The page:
The operating procedure starts with an input plugin that collects the data, which is then processed using filters that modify and annotate the event data. There are multiple pipelines that Logstash uses based on the configuration files. The user can specify single or multiple configuration files to create a single pipeline. The use of multiple pipelines is perfect for different logical flows, as it reduces the conditions and complexity of one pipeline. This configuration also offers easier maintenance.

An input plugin is a component that allows a specified source of events to be accessed by Logstash. A filter plugin then processes the event data, and this is often dependent on the characteristics of the event. An output plugin then sends the data to the destination specified. Plugin management is a script that manages the plugins by installation, listing, or removal.


Beats are basically lightweight data shippers that are designed for a very specific purpose. They can be installed on a standalone server, from where they fetch data or metrics and send them to Elasticsearch or Logstash. There are many types of Beats that we can use as needed; for example, if we want to process log file data, then we can use Filebeat, Packetbeat can be used to fetch network data, and Winlogbeat can be used if we want to fetch Windows events logs. Beats not only send data from a server, but also provides built-in dashboards and visualizations that we can easily configure in Kibana. Let's now discuss some of the important Elastic Beats.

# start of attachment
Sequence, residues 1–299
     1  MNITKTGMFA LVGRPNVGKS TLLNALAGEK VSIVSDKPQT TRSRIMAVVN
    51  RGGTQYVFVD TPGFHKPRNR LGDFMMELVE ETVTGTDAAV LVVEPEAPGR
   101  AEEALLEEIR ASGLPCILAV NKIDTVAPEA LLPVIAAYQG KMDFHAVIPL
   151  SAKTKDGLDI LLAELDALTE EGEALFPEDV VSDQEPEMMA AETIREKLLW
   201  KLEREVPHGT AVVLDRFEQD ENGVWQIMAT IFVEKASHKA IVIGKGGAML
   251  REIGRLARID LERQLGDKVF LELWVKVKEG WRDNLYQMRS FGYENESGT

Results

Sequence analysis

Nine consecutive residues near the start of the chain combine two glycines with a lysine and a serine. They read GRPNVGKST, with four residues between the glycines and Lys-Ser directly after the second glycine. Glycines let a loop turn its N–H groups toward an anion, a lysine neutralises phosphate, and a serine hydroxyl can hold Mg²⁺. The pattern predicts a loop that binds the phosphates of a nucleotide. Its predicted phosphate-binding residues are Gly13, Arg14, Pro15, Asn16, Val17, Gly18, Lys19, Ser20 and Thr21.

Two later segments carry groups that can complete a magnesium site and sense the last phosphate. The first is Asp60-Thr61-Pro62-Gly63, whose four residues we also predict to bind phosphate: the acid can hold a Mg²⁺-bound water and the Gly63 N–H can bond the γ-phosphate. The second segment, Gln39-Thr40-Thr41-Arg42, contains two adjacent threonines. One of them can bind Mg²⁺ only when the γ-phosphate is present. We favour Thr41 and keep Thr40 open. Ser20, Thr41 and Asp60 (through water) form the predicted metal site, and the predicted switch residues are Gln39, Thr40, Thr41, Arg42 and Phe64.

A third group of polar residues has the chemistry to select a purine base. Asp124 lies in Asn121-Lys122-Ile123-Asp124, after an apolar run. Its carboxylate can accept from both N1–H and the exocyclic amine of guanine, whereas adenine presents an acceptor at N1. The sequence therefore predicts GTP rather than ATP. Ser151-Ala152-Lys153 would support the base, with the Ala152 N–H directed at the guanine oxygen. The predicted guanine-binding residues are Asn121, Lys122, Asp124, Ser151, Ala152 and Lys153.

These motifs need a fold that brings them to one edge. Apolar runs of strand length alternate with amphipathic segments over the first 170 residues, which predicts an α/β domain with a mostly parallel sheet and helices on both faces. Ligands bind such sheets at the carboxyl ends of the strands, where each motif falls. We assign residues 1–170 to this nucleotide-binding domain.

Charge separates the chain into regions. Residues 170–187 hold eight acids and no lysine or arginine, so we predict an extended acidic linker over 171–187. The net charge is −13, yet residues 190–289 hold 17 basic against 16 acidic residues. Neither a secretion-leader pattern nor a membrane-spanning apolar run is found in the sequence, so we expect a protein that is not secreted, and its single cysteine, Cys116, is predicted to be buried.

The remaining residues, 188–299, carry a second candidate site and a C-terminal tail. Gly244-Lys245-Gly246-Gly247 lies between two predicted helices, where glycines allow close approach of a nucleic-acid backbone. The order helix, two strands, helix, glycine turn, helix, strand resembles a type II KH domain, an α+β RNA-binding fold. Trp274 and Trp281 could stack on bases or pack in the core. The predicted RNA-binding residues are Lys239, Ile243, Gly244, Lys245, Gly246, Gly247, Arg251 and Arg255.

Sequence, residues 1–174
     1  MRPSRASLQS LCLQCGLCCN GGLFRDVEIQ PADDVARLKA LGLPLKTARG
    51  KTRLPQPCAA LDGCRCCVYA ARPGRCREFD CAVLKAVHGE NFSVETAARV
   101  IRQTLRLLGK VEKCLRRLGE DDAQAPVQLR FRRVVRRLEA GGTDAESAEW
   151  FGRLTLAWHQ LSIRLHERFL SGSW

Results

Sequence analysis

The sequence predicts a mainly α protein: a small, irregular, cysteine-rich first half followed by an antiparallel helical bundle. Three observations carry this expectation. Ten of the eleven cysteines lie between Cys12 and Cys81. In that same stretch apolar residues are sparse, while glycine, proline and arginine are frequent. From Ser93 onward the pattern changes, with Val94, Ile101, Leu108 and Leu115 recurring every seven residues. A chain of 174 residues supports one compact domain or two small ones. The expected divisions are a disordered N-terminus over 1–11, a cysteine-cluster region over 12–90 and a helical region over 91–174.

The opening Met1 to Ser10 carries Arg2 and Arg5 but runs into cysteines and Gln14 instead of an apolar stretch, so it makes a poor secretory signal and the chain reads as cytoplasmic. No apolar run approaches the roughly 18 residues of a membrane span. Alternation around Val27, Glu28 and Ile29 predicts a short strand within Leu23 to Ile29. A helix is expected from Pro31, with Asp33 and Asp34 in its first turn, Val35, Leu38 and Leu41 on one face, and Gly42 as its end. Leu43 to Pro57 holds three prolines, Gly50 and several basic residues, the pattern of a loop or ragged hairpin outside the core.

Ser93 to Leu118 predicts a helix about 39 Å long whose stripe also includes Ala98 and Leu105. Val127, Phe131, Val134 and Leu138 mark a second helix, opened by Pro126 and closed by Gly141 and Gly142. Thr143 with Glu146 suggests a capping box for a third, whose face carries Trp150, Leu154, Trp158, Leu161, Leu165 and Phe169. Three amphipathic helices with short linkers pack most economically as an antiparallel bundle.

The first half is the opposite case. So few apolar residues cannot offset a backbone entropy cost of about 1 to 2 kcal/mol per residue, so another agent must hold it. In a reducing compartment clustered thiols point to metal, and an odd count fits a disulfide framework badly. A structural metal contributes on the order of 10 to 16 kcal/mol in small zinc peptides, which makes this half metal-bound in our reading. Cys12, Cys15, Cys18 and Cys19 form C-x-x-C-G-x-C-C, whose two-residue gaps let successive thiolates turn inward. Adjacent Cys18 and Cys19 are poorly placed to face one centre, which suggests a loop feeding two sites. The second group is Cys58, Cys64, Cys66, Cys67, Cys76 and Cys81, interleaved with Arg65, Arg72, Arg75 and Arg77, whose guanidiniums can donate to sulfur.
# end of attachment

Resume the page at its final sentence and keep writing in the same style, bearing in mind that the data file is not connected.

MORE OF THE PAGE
Filebeat is a lightweight data shipper that can be installed on different servers to read file data. Filebeat monitors the log files that we specify in the configuration, collects the data from there in an incremental way, and then forwards them to Logstash or directly into Elasticsearch for indexing. After configuring Filebeat, it starts the input as per the given instructions. Filebeat starts a harvester to read a single log to get the incremental data for each separate file. Harvester sends the log data to libbeat, and then libbeat aggregates all events and sends the data to the output as per the given instructions, such as in Elasticsearch, Kafka, or Logstash. This way, we can configure Filebeat on any server to read the file data and send it to Elasticsearch for further analysis.


Metricbeat is again a lightweight data shipper that can be installed on any server to fetch system metrics. Metricbeat helps us to collect metrics from systems and services with which we can monitor the servers. It fetches the metrics from the servers where they are installed and running. Metricbeat ships the collected system metrics data to Elasticsearch or Logstash for analysis. Metricbeat can monitor many different services; some of these are as follows: